Last, leave behind something of benefit to others.
I would imagine everyone wants to enjoy themselves and be helpful; everyone has some idea of where they fit in the grand natural scheme of things; and everyone, I think, would like to be well remembered. Whoever and wherever we are, as we go through our day-to-day existence we each get to decide what is important to us. We all get to decide which opportunities to embrace and which to avoid. That’s what makes us individuals, and finding our individuality is, I believe, fundamental to our being. Only when we look back, do those individual decisions become a story.
I think I’ve had more than my share of opportunities to do a lot of interesting things, but that may be for no other reason than I’m driven to seek out experiences rather than accomplishments. I’ll try anything just to see what happens, and frankly I don’t worry so much how it turns out. It took me a long time to learn that about myself. For example, I joined the Navy when I was 17, during Vietnam. I built a sailboat. I played piano in a gospel band. I’ve jumped out of an airplane, twice. I piloted a single-engine Cessna out of the Charlottesville Airport. I piloted a 55 ft. Crew Boat in the Gulf of Mexico. I ran a ballpark concession stand. Drove an interstate delivery truck for a while. I served on the boards that founded the Fredericksburg Area Museum and Hope House, the city’s first homeless shelter. I was the city’s vice-mayor, and as chairman of the regional planning commission I led the surrounding local governments in creating a $2 billion transportation plan, which was eventually approved by the federal government and ignored by VDoT. I’ve recorded five CDs of original music. I’ve written five books, and hand-bound one copy of each just for myself. I built most of the furniture in our house. I was arrested by the FBI for draft evasion, despite having received an honorary discharge from the U.S. Navy, and jailed. I narrated several documentary films for the National Park Service and was a travel writer for the Free Lance-Star. I was a frequent guest lecturer at Mary Washington College. I’m likely the only person in history to dip my hand in every one of the 98 named rivers and tributaries that flow into the Chesapeake Bay, or who would have wanted to. I bicycled the 182-mile C&O Canal Trail. I was the editorial cartoonist for my college newspaper. I held my high school’s record for the high jump. I’m a husband, brother, cousin, father, and grandfather. I’ve not seen the Alps, yet.
But while that listing of experiences vaguely describes my life, it doesn’t define it. Everyone has a list in their heads of the things they’ve done and the things they’ve accomplished, and each list is very personal. To some people, I suppose, seeing Dale Earnhardt win the 1998 Daytona 500 was an important event; to some it may have been kissing the Blarney Stone or seeing the Pope in Rome. One thing I’ve learned from scanning daily obituaries is that the world is made of all sorts of people, and it’s hard to fully define a person in a few words. We’re all more complex than that.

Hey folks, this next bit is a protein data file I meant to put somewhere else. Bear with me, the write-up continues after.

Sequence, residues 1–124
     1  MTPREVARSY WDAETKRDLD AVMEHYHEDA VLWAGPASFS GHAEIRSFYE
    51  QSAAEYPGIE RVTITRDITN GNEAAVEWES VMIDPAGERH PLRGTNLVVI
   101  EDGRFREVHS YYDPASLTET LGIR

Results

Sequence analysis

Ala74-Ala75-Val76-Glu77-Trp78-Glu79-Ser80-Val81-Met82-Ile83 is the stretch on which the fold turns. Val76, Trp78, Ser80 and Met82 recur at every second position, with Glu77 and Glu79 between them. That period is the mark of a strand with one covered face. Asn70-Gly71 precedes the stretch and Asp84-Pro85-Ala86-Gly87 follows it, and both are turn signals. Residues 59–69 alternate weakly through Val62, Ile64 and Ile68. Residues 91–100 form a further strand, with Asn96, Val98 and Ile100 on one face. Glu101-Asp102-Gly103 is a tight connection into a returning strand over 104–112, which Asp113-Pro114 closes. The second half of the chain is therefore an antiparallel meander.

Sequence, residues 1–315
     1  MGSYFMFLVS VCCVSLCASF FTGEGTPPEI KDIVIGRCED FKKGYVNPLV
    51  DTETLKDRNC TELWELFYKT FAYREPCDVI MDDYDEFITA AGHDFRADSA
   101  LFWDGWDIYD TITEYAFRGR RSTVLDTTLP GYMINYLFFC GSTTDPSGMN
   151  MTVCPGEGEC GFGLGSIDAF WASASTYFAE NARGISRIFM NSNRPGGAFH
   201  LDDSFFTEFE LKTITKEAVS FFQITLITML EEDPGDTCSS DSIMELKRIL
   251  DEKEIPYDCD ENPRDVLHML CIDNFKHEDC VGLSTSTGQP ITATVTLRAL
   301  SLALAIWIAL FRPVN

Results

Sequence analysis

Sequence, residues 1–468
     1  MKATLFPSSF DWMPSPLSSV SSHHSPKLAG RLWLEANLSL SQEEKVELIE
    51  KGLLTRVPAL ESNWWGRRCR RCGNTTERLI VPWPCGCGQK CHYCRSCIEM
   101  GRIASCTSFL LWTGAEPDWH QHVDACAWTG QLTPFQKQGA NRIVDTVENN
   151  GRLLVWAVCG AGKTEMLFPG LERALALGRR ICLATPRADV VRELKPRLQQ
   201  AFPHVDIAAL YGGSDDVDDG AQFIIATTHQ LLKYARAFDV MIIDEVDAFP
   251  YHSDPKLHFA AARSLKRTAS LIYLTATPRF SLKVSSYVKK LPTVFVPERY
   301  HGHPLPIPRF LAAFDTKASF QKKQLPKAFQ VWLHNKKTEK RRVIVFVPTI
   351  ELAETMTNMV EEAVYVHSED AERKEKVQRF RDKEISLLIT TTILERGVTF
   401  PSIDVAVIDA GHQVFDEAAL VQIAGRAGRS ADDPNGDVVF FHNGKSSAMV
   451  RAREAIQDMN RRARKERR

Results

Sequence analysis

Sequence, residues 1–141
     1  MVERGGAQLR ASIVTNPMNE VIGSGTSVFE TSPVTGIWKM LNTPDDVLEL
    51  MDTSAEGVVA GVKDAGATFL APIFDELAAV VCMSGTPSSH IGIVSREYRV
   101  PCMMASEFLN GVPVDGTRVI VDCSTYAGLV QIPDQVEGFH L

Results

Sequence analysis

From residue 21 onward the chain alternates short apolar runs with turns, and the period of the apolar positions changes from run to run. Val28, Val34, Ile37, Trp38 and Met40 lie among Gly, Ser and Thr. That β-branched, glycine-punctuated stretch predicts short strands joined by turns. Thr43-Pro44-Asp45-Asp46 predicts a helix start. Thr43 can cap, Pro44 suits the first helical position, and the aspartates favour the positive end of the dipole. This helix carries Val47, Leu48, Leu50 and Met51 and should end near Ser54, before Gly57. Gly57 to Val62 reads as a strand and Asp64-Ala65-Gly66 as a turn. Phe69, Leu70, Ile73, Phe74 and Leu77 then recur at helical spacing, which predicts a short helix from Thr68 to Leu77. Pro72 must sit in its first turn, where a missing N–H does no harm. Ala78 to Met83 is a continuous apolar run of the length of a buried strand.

And that’s wonderful. Each of us is, and rightfully should be, free to follow whatever path our interests lead us on, and each of us should have the right to claim uniqueness. One thing that can be said about life is that it belongs equally to each of us. In the end, we all can point to our lives as our own personal collection of things we cared about. Unfortunately, too many human beings have lived lives stymied by their conditions; but our experiences, whatever they may have been, belong to us, and should be seen through our eyes alone. I just hope I’m able to do a meaningful job of telling my own unique story while I’m still here to do it. You should, too.
So my obituary, like the life it will eventually describe, is a work in progress. I do enjoy looking back at my experiences, and in some indefinable way know that my keeping track of what I’m doing motivates me to make sure I’m doing something of value with my time here. I continue to enjoy myself. I’m lucky to be sharing my life with a compassionate, beautiful, and fun-loving woman. Doesn’t that sound so much better than, “He was survived by his wife of 47 years”? Survived? That sounds like it took some effort.
I still look for opportunities to be helpful. I get out into the mountains, woods, and waters as often as I can, and marvel at the beauty of wildlife, including trees and flowers, in their natural environment. And when I drive around town, I’m able to remember the part I played, which was mostly just sitting through meetings, in making our community a better place for so many who understandably don’t know I exist.
Working on my own obituary has given me the opportunity to see my life as a story, and to understand myself better. I’d recommend it to anyone. I hope that my story sets a good example for my grandkids, but that they find their own way to becoming productive members of the community. And I hope whatever measure of my memory and DNA they carry with them enriches them on their path.
To me, that sounds like heaven.
From Life and Death and Other Random Stuff, a work in progress. Scott Howson is a retired graphic artist and former vice mayor of Fredericksburg, VA, who now spends his time writing stories, recording music, building furniture, playing with his grand kids, and exploring the countryside with his best friend, Sandy.